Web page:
Jaguar XE Diesel Review
Car Tested: Jaguar XE Diesel; Road Test No. 905
Price OTR Mumbai: Rs. 42.92 – 54.42 lakhs
The XE is finally armed with a diesel motor to make an impact in its segment
When the much awaited XE, a.k.a. the baby Jag was first unveiled, it took the segment by storm because it was awaited since years with rumours time and again of its arrival. When Jaguar launched the XE in Asia, they only offered it with a petrol engine and that too the fantastic 25T which didn’t make us miss the diesel. However, diesel being the fuel of choice in this segment meant that Jaguar had to bring in the oil burner and we have finally got to test it.
Motor Quest: The Jaguar XE was first launched in Asia in 2016 only with a petrol powertrain. Now with a diesel mill under the hood, it’s about time the baby Jag brought some volumes for the British carmaker. Will it?
Exteriors – Nothing much has changed on the XE Diesel. Both the petrol and diesel versions of the XE are identical when it comes to looks and equipment. We’re driving the mid-level Prestige trim of the XE which gets black radiator grille with chrome surrounds, Bi-function Xenon headlights with J-blade LED DRLs, chrome side window surrounds and 17-inch alloy wheels which end up looking very basic. The British marquee could have offered at least a different design for the mid and top level trims. The rear is minimalist-looking too with only the sloping roofline and the LED tail-lights adding some bling.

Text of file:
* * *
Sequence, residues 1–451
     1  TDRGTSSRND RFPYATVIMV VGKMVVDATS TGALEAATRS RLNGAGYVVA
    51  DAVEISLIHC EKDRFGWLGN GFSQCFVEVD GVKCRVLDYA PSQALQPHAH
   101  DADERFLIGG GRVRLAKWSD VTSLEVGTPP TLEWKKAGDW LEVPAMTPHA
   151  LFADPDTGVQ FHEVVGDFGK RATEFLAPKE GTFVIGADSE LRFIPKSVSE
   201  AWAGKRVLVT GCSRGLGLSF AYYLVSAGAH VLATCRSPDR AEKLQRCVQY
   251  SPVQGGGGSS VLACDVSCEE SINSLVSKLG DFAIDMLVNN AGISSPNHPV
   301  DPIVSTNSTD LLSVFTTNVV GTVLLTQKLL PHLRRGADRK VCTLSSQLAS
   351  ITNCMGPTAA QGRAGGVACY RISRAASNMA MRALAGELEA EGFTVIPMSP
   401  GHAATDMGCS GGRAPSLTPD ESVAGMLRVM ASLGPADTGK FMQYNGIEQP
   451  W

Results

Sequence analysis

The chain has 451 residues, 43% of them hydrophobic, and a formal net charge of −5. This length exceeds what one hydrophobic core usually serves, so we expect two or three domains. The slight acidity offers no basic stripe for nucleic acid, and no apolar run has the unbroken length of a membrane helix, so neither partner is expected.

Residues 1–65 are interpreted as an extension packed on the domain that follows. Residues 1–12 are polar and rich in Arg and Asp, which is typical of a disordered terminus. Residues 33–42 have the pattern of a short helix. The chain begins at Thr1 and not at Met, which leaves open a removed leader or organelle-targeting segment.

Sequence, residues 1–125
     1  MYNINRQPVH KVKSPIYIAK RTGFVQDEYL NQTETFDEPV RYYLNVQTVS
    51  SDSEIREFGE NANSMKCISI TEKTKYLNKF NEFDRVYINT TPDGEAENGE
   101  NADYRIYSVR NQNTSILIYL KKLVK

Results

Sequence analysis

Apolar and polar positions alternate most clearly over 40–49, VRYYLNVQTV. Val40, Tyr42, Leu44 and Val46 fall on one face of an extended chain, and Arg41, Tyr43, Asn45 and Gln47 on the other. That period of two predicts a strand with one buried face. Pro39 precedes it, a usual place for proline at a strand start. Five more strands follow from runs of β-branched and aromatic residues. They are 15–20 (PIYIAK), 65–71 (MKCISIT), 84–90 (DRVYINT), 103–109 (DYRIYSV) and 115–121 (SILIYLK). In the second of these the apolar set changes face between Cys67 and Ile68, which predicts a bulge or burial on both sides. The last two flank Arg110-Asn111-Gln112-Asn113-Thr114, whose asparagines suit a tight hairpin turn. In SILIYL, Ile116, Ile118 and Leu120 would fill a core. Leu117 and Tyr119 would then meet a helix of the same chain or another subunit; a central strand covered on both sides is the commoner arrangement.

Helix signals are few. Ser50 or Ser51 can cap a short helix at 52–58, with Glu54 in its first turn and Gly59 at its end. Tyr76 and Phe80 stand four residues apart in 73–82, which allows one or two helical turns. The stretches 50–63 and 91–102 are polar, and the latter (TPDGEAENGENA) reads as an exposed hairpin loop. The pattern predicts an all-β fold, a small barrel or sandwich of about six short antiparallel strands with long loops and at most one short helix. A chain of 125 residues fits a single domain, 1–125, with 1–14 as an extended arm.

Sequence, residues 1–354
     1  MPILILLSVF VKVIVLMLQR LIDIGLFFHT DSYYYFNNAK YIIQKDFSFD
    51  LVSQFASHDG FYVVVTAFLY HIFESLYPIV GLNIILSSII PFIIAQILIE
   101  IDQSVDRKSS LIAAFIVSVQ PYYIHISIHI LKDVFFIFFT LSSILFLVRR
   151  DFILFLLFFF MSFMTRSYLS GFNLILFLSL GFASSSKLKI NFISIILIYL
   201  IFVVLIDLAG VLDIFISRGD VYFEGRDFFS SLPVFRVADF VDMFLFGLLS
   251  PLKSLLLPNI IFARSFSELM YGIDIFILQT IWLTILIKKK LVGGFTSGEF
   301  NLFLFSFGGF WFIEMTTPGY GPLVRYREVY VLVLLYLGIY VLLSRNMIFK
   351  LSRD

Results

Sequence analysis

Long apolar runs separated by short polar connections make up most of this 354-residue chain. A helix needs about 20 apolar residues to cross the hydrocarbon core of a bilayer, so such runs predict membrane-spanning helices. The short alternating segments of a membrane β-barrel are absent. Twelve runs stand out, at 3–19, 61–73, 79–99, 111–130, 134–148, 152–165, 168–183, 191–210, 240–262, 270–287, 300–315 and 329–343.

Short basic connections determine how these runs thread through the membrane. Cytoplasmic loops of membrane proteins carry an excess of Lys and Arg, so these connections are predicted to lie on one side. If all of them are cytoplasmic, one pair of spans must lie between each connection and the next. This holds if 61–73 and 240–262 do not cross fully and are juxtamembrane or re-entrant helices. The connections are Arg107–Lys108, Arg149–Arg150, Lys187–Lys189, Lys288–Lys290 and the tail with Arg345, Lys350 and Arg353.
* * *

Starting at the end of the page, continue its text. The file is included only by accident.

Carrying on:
Interiors – The cabin of the XE diesel is very much like its exterior, understated. The dashboard is neatly laid-out but is quite a mixed-bag of premium as well as not so premium materials. For instance, some buttons have the click sound which just robs away the premium quotient. That said, the air-con controls are neatly laid-out below the 8-inch touchscreen infotainment system. Overall the cabin is a nice place to be in and comes loaded with features. In this Prestige trim, you get leather upholstery, interior mood lighting, Meridian Sound system, cruise control and speed limiter, dark satin brushed aluminium inlays and power folding and auto-dimming heated door mirrors with memory function. The front and rear seats offer good support and comfort but the headroom is a little tight owing to the sloping roofline. Anyone below 5’10” should be comfortable in the rear seat. However, due to the tall transmission tunnel and protruding rear AC vents, the third passenger would feel he/she was uninvited. The 455-litres boot is as practical as it can get. Unlike the Mercedes C-Class and the BMW 3-Series, the XE’s boot is flat and wide and moreover, the space saver tyre is neatly tucked away under the floor.